Frequently, a situation arises in which two co-owners of property seek to have one of them “removed” from title. This type of situation might arise, for example, during a divorce proceeding: one spouse, either through agreement or court order, is granted sole ownership of the marital home. That spouse, typically, may wish to refinance the existing mortgage but cannot proceed until a deed establishing his or her sole ownership is recorded.
The standard instrument that an attorney would draft to effectuate the change of title in this situation is a called a “special warranty” deed. A common misconception held by a number of real estate professionals, however, is that a “quitclaim” deed is the instrument of choice in this type of situation. A quitclaim deed is NOT the preferred vehicle to accomplish this purpose and, in fact, is a disfavored form of conveyance in Maryland. The major problem with a quitclaim deed is that it provides no assurance to a grantee/purchaser as to the validity of title. The grantor, through a quitclaim deed, does not profess to own the property and purports to convey only that interest, IF ANY, he may have with respect to the property. A special warranty deed, on the other hand, provides certain assurances to the grantee/purchaser that the grantor will protect him against certain types of title problems. A special warranty deed is, typically, the type of deed utilized in Maryland to convey real estate. There are only a few very limited and specific instances where the quitclaim deed is the preferred vehicle to convey property in Maryland. One major example is where the interest being conveyed by the grantor is questionable or not fully determinable.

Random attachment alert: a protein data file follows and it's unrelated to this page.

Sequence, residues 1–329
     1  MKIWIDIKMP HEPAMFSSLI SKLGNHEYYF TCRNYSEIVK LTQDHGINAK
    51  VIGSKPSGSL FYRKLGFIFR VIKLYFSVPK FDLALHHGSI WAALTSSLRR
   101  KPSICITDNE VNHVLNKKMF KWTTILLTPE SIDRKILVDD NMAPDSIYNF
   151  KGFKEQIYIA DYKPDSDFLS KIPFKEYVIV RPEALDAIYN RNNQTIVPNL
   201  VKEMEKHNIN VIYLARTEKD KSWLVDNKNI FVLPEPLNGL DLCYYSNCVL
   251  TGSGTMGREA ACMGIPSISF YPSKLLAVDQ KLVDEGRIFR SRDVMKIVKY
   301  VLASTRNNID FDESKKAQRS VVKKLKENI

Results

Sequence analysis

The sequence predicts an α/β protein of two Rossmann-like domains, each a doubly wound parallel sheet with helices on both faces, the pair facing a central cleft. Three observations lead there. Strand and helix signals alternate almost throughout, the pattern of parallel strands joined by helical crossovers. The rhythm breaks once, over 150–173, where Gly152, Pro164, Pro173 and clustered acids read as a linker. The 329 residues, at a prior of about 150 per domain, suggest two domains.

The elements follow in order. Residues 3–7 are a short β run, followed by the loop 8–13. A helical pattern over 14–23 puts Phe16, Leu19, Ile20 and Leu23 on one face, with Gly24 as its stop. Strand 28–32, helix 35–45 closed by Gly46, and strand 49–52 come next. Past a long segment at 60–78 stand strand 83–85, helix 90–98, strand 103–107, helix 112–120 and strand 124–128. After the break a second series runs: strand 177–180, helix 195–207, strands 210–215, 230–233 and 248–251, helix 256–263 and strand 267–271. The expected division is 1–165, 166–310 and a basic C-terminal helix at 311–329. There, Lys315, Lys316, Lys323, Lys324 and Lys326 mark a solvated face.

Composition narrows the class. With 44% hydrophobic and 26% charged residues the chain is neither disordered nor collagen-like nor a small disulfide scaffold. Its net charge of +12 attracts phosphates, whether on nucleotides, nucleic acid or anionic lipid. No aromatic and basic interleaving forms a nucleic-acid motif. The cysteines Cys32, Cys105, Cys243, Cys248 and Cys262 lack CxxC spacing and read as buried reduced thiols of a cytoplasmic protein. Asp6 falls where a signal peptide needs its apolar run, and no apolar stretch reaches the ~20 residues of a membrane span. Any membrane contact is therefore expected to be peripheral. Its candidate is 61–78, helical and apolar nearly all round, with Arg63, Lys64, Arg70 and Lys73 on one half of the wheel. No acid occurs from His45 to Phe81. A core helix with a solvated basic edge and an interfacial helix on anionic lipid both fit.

Common sense would dictate that a deed of equal “dignity” should be utilized with resect to all Maryland conveyances, including the simple transfer from one co-owner to another. Hopefully, this misconception regarding quitclaim deeds will discontinue in the course of time.